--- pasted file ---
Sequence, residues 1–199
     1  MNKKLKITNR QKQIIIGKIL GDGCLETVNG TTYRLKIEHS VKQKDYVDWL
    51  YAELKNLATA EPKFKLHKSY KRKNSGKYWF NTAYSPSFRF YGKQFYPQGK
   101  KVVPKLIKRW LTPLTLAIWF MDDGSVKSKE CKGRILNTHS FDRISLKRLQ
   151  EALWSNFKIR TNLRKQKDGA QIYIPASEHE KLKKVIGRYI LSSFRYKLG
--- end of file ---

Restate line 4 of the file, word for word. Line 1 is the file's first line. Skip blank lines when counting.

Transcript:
   101  KVVPKLIKRW LTPLTLAIWF MDDGSVKSKE CKGRILNTHS FDRISLKRLQ